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Senior citizens can get a checkup on their benefits

Updated: May 3, 2013 12:15PM



Q. I have a neighbor who is elderly, and I know she is struggling but too proud to ask for help. Is there any way I can find out how she could get assistance paying for food and for her medicine?

A. What a great question. In these slow economic times, many seniors are living on a fixed income and struggling to pay for the basics. Sadly, they are unaware of the many programs at the federal, state and local level that are designed especially for seniors. So if you have an elderly friend or parent, you could make all the difference by guiding them to these special deals.

The place to start the search is at a terrific website — www.BenefitsCheckup.org. This site was created by the National Council on Aging, a non-profit group that is supported by private donations and government grants. BenefitsCheckup.org is a search engine that helps seniors find assistance in paying for food, prescription drugs, utilities and more. It offers help getting tax relief, transportation, and legal issues.

You’ll be surprised at how much help is available. The site says it has helped 3,470,339 people find over $12.8 billion worth of benefits in the 10 years since it has been in effect.

The search engine is very specific, not just a generic description of programs. You’ll enter the senior’s Zip code and some personal information such as family income and assets (without any names or address). That enables recommendations for programs available in your area.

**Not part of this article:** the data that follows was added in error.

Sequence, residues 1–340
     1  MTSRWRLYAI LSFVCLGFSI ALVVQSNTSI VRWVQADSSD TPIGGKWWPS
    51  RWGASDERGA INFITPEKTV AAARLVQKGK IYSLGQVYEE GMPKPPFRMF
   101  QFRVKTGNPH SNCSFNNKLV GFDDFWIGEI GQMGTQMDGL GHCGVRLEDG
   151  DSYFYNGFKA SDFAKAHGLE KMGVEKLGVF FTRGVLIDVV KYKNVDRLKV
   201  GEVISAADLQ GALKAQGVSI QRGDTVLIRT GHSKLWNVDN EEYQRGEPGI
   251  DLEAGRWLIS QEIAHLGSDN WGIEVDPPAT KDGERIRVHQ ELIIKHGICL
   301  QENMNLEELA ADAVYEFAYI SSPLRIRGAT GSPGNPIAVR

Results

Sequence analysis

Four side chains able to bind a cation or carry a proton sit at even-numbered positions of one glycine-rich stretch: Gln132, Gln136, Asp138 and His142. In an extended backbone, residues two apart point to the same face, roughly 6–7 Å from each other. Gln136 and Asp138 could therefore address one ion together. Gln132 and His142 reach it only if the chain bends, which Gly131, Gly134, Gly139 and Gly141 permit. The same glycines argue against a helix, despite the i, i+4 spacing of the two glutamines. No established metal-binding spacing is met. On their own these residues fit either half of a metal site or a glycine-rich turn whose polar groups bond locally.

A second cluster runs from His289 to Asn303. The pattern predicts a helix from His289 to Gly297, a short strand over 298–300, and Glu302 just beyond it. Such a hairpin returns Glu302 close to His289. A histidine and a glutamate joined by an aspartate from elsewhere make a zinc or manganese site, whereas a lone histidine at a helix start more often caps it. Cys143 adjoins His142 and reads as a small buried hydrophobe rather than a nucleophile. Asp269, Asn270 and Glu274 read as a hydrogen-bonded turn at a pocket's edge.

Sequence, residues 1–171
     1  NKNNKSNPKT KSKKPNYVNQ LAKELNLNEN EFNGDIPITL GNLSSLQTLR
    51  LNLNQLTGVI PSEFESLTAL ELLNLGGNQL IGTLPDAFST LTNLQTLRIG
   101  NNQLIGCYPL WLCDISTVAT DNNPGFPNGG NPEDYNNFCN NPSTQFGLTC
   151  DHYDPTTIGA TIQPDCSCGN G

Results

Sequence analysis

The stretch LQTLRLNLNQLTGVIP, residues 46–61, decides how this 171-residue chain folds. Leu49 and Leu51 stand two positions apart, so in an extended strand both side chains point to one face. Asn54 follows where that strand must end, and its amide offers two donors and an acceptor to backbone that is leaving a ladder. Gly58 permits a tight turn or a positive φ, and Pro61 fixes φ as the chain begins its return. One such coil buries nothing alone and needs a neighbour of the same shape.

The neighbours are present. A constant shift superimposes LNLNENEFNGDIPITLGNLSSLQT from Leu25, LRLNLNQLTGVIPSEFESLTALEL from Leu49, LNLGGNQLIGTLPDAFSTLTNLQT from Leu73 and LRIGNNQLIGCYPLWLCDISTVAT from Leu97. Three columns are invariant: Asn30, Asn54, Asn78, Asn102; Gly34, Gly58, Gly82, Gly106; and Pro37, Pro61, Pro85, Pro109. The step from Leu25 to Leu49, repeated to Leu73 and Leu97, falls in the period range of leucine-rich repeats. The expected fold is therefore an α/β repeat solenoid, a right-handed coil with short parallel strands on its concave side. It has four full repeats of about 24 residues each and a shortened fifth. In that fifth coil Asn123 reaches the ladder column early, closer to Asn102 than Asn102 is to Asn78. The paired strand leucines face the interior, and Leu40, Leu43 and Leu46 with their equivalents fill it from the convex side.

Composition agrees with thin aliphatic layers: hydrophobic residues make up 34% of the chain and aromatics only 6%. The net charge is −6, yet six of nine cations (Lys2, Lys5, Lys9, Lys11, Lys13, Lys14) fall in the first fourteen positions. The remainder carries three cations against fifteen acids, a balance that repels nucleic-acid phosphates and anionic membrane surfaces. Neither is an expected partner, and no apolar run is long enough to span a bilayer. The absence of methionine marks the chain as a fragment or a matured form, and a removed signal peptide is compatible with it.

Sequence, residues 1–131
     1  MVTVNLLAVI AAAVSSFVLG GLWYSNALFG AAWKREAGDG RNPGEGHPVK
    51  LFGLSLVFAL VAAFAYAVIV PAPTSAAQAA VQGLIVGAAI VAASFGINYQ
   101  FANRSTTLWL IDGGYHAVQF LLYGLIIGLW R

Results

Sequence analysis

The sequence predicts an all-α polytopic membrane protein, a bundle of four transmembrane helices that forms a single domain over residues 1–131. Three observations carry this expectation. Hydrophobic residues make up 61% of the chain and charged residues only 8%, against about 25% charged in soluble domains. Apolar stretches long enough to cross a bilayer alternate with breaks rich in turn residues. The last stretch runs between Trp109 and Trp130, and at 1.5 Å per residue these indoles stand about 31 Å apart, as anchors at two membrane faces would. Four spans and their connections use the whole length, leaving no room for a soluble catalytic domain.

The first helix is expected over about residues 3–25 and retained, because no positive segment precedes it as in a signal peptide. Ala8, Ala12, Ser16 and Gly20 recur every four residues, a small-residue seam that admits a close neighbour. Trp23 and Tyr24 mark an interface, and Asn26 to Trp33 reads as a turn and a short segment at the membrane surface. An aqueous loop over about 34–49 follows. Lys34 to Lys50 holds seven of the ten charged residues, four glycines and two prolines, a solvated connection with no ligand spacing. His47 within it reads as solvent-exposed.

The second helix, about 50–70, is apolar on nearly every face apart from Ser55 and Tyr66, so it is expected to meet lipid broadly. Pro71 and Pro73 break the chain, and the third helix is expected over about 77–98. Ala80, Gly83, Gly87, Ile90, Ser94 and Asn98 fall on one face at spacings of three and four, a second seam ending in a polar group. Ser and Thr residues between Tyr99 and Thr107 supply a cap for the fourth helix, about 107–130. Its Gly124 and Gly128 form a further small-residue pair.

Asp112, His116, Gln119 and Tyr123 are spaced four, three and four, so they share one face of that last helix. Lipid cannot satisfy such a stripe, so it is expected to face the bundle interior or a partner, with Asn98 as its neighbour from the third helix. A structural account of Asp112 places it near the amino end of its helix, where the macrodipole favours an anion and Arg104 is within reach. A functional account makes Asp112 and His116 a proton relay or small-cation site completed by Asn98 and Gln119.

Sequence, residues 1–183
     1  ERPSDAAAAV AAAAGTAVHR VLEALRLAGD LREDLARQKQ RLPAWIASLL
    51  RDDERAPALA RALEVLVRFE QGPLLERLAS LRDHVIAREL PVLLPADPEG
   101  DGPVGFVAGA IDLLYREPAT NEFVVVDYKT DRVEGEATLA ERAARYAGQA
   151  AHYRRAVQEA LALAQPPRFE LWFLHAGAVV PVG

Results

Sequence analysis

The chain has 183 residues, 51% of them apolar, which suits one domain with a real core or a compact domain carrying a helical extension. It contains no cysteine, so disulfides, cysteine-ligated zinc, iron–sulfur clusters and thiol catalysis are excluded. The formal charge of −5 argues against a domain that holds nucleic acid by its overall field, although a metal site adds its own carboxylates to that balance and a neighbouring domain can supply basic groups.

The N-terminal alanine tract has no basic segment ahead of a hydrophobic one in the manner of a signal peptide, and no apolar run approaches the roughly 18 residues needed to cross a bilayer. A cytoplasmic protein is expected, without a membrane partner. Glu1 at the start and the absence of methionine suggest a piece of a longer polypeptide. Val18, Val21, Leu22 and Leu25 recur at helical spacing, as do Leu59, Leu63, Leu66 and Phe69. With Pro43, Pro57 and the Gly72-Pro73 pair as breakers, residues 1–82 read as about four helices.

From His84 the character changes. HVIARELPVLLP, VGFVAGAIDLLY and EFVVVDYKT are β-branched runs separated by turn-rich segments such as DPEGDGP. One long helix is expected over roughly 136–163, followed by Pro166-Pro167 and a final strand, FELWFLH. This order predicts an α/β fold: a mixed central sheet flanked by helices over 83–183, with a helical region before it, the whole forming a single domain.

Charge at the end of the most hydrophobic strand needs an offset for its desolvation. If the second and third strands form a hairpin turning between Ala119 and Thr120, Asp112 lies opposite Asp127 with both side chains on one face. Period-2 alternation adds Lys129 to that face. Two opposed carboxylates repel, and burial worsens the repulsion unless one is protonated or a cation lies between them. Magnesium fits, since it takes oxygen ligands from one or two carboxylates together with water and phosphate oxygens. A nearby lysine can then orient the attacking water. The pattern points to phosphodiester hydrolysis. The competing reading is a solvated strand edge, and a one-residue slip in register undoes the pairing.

Some are offered by government agencies, designed to benefit seniors and other low income people. Other programs offer very low cost drugs from pharmaceutical manufacturers. You’ll never know until you search and ask.

Each state also has resources for seniors. In Illinois, you can go to the website of the Illinois Department of Aging — www.state.il.us/aging to find a list of additional resources for everything from elder abuse to Alzheimer’s to help for seniors with debt or gambling problems. There is a tremendous amount of support available — if only seniors knew where to look and were encouraged to seek it.

And that’s the crux of the problem. Many seniors are too proud to ask for help — although they’ve paid into the “system” for many years. They are the ones who have earned our respect and help, but they are the least likely to be computer-savvy enough to find help on their own. You can save your neighbor’s self-respect by inviting her to “test” your new computer and do the search for her.

Post questions for Terry on her blog at www.TerrySavage.com and at blogs.suntimes.com/savage/.



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